Looting Matters: Sale of Antiquities on a Downturn

Jan 08, 2010, 12:01 ET from Looting Matters

SWANSEA, Wales, Jan. 8 /PRNewswire/ -- David Gill, archaeologist, reflects on the trends in the sale of antiquities over the last decade.

Swansea archaeologist David Gill has been analyzing the sale of antiquities in New York since 1999. Some $300 million worth of antiquities have been sold at Sotheby's and Christie's since 1998. There are normally two sales a year for each of the auction houses.

Around $20 million of antiquities were sold in 2009, down by over $8.5 million from the previous year. This is similar to the levels in 2003 ($20.4 million) and 2006 ($19.9 million). Only 2002 was significantly lower.

Sotheby's seems to have been achieving lower sums. 2009 saw one of the lowest amounts achieved in the decade at just under $8.6 million. The worst year was in 2006 with $6 million. However, in December 2006 ,the auction house sold a single antiquity, the Guennol Lioness, said to have been found near Baghdad and displayed in the Brooklyn Museum since 1948, for $57.161 million.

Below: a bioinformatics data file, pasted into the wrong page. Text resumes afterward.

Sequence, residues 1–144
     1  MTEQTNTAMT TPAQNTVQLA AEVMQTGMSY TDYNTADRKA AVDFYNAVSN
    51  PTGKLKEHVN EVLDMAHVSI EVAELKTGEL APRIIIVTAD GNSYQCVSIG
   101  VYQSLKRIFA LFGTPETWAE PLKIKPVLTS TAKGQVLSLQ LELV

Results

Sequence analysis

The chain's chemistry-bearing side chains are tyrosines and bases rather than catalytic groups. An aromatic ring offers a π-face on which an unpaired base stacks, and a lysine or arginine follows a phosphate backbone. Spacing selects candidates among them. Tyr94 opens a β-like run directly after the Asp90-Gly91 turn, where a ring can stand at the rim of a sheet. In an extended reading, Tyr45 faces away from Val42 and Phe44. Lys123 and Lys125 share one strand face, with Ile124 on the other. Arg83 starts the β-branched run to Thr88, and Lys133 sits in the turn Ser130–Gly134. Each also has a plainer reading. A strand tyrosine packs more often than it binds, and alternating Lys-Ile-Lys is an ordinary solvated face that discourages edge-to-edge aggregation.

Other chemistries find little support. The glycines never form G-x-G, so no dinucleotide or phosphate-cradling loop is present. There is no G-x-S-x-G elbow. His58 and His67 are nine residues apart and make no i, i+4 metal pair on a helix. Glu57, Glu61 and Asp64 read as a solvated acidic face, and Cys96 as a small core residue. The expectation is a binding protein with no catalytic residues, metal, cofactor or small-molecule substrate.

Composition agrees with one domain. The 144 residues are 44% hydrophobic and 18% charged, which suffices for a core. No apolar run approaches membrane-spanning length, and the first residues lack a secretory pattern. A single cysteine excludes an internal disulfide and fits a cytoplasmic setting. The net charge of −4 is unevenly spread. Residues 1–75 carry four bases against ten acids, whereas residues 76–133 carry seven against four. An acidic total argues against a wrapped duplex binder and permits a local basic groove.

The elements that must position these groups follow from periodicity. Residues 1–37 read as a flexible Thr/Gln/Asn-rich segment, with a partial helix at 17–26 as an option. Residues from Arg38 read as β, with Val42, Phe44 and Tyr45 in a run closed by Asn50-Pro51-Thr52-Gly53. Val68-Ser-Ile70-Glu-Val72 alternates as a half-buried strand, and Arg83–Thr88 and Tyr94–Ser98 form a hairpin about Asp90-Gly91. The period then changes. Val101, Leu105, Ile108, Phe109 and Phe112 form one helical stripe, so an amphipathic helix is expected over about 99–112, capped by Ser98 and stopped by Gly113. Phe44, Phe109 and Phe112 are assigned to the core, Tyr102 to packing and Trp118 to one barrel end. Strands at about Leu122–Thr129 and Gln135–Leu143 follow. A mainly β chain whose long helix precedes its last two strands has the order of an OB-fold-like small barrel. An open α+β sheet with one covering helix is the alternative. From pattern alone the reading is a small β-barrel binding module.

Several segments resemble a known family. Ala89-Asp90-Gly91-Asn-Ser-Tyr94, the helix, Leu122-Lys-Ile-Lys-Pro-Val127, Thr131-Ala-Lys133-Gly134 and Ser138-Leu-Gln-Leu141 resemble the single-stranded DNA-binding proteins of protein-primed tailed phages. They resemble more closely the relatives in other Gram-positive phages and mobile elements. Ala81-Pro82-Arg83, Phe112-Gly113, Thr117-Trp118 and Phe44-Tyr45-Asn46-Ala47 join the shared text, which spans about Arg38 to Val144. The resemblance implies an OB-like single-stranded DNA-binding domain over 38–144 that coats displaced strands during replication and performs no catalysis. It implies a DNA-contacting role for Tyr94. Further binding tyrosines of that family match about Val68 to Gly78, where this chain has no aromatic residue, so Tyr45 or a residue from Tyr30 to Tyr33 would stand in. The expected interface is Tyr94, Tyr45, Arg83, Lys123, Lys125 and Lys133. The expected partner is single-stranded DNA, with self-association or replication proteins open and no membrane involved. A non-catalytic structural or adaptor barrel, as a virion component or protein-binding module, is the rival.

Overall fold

Christie's, in contrast, has been increasing its market share.

However, during 2009, a number of antiquities were seized from auction houses in New York at the request of Italian authorities. Some appear to have been identified from images seized during police raids on a dealer's warehouse in Geneva.

One trend over the decade has been the decrease in the element of Egyptian antiquities. At Sotheby's, Egyptian objects only represent some 17% of the value of the sales. A study of the median value of the lots in the sales suggests that prices are around their 2004 level.

This downturn raises issues. Are auction-houses finding it harder to offer antiquities with a recorded collecting history or "provenance"? The returns of antiquities from public and private North American collections to Greece and Italy have been a sharp reminder of the issues involved. Auction-houses are having to conduct more rigorous due diligence processes to make sure that they do not unwittingly handle material that has been looted from archaeological sites in recent years.

It could also be that antiquities are no longer seen as a "safe investment" in the global economic downturn.


SOURCE Looting Matters